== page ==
A gregarious species, the common swift forages in large flocks for a variety of small flying insects. These feeding groups may be frequently heard ‘screaming’, in a display that probably serves to advertise the presence of the group to other swifts. By encouraging more swifts to join the group, there will be larger numbers of birds seeking out the best feeding areas, thereby benefiting all the individuals (6). It is its dependency on insects that explains why the common swift must migrate, as during the northern winter insects become scarce, whereas they are in abundance at this time in the tropics (8).
Breeding common swifts return to the same colonies to mate each year, usually around the start of May. Pairs may breed together for many years, but if one partner dies, its place is immediately taken by another. A clutch of two or three eggs is laid in a cup-shaped nest, made of feathers and vegetation glued together with saliva. The site of the nest is usually chosen by the male swift. Incubation duties are shared equally by the male and female and last for 19 or 20 days. Both adults feed the young for the 42 or so days that they are in the nest, with the adults flying as far as 560 miles each day whilst foraging (2) (3).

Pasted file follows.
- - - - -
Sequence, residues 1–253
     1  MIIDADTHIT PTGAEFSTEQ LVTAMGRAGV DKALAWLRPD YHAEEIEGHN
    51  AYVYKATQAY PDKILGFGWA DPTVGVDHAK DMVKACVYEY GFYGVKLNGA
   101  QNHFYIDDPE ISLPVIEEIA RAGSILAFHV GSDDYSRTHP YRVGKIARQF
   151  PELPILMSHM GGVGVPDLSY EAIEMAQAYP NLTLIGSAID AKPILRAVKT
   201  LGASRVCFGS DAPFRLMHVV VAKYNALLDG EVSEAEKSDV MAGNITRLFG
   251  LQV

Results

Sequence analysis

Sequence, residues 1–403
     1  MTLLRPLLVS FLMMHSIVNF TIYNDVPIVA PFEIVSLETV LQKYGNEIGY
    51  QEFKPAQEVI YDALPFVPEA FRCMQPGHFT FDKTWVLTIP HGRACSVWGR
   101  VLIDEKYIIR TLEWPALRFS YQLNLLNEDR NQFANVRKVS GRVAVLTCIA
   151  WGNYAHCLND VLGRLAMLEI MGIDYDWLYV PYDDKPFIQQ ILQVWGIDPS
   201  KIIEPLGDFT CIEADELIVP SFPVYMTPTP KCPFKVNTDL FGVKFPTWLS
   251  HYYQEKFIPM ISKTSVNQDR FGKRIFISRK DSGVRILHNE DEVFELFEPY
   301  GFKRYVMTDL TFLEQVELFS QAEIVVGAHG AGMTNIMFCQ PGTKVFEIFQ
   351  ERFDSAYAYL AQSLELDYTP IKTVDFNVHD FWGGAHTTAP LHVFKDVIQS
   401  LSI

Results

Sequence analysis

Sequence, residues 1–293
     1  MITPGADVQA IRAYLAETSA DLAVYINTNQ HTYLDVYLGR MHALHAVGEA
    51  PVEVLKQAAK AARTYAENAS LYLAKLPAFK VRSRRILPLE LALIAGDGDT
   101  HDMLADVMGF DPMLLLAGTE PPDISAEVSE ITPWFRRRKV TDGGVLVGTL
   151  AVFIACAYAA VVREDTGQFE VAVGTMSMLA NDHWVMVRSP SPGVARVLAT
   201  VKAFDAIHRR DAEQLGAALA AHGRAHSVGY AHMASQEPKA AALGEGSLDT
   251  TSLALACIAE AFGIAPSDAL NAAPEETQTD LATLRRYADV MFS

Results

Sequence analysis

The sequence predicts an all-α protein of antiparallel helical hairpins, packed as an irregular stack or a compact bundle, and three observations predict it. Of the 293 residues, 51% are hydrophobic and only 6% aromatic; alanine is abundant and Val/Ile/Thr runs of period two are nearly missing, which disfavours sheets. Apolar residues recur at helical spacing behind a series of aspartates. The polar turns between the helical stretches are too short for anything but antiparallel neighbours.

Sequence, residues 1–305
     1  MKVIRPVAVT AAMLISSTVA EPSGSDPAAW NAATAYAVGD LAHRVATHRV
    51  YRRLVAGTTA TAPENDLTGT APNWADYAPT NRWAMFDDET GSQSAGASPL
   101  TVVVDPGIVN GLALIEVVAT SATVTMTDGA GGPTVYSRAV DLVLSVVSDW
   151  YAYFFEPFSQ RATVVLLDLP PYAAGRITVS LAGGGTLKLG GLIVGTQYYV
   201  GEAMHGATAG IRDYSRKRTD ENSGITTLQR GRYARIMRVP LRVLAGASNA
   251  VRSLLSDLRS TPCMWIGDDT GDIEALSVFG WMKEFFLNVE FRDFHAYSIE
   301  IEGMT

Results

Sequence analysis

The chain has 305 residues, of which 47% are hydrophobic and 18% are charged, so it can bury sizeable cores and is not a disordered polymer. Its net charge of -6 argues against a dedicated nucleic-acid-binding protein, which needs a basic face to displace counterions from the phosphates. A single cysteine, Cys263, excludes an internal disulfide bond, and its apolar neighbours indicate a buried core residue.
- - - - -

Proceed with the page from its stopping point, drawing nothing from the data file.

While nesting, the common swift can be exposed to sustained periods of cold weather. However, a layer of fat insulates the body and its slow metabolism prevents excessive energy use, enabling the swift to survive such conditions. Furthermore, swift chicks can survive long periods of cold weather and starvation by entering a state of torpor (8), a coma-like condition in which its metabolism slows to almost nothing. For a bird of its size, the common swift can live for a remarkably long time, with some individuals known to live for as long as 21 years (3).